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NPR Arts & Life

Seeking Greater Diversity, Grammy Organization Alters Its Rules For Membership

A Grammy Award, photographed in Los Angeles in 2007.
A Grammy Award, photographed in Los Angeles in 2007.

The Recording Academy, which gives out the Grammy Awards, is changing how it recruits new voting members. It's a move meant to broaden the organization's demographics in the wake of widespread criticism over its lack of gender diversity.

Artists and industry executives — both female and male alike — have called for the Grammys to revamp itself after the 2018 ceremony held in January, in which few women were honored during the televised ceremony, and the #MeToo and #TimesUp movements seemed to be relegated to token mentions. After the ceremony, the Academy's president and CEO, Neil Portnow, said in an interview to VarietyMagazine that women in the music business should "step up."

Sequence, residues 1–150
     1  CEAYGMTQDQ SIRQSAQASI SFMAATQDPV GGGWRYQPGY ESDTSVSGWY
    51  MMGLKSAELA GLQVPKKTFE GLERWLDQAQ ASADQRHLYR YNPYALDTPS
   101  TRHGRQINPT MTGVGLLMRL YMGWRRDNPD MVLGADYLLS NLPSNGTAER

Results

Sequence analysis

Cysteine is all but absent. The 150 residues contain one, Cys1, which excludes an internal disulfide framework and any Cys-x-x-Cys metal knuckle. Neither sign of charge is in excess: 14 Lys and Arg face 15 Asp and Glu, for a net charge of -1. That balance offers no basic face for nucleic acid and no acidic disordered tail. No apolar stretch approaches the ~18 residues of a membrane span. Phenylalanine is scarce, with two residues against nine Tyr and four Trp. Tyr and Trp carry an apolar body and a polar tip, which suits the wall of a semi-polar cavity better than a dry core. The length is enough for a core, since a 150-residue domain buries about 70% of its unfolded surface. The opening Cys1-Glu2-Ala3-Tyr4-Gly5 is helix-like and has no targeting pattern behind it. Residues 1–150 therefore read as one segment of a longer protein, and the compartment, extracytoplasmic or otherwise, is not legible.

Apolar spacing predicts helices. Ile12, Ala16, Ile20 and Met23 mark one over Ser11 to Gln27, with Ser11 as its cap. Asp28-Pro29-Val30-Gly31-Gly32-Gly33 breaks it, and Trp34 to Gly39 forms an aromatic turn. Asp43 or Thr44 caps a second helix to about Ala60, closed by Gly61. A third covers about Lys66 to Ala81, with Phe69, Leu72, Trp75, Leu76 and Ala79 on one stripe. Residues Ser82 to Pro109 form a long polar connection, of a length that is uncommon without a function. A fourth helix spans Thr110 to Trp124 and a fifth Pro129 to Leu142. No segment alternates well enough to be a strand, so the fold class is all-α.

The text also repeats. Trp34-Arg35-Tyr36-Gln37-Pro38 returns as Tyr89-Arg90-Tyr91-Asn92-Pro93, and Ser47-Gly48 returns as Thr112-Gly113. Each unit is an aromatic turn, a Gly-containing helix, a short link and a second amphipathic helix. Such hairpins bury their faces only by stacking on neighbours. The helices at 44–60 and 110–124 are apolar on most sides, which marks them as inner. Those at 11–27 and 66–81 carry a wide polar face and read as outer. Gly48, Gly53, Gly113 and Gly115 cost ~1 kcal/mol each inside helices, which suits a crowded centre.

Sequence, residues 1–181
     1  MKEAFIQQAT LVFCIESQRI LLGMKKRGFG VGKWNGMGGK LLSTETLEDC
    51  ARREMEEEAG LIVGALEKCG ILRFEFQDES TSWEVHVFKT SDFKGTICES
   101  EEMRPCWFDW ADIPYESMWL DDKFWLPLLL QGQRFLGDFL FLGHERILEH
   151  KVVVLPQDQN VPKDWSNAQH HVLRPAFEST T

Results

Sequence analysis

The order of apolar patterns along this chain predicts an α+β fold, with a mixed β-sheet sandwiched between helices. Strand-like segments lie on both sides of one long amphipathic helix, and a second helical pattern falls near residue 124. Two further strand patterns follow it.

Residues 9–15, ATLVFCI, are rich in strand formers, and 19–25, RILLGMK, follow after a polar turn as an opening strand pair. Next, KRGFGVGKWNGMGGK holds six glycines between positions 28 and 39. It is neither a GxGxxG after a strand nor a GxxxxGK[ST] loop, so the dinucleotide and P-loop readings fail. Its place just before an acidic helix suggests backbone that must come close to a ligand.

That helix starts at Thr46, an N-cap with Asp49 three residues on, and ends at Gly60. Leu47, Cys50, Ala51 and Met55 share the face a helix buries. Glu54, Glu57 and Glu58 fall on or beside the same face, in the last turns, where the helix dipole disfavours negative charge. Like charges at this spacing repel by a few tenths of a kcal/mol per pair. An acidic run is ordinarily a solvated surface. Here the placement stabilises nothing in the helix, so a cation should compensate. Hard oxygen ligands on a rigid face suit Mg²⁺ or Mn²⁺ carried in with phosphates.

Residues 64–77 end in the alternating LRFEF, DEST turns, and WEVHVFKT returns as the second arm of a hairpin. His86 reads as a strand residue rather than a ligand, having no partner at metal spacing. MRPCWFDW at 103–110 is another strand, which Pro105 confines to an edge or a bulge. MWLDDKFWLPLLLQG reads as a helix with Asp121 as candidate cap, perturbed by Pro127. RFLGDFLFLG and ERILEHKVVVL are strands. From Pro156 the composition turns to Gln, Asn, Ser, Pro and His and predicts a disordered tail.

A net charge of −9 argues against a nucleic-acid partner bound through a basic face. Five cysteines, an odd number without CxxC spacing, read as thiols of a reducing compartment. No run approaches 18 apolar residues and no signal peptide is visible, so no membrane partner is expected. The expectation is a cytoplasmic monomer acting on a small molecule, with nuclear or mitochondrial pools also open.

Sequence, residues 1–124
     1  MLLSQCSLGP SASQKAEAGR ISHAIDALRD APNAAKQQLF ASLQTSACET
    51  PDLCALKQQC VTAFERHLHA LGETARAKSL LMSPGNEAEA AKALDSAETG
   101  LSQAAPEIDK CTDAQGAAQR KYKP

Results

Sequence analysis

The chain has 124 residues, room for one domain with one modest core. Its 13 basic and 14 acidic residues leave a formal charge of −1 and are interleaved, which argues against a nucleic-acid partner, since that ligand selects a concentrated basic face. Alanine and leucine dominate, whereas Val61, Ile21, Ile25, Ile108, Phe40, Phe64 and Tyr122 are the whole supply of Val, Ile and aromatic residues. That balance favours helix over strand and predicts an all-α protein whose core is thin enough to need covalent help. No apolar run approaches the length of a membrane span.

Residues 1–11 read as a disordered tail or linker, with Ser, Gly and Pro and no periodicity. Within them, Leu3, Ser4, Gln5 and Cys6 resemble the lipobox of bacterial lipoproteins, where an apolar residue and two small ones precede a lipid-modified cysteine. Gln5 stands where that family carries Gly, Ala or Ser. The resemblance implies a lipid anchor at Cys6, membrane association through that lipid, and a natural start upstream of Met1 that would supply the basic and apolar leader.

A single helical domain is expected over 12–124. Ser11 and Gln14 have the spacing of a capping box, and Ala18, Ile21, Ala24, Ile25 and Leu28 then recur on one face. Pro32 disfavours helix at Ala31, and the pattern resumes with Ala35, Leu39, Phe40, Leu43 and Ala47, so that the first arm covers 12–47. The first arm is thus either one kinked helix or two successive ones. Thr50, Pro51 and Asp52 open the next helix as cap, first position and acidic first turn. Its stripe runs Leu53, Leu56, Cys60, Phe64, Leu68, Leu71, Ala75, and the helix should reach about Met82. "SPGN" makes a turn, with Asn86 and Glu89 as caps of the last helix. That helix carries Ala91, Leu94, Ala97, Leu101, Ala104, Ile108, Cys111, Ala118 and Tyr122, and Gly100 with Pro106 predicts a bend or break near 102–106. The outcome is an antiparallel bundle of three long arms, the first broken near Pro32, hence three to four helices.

Afterwards, calls erupted for Portnow's resignation; this summer he announced that he would be stepping down in July 2019. And on Monday, the Recording Academy announced that it is revamping its requirements for new voting members, in a move that is meant to broaden the organization's demographics.

However, the new stipulations seem to simply add additional requirements to gaining membership. Under the old system, prospective members had to prove that they had extensive recording credentials. In addition, the new requirements require that applicants must submit two professional recommendations. A so-called peer review panel will evaluate the applications annually, based on what the Academy calls a "range of criteria, including craft, genre and overall diversity."

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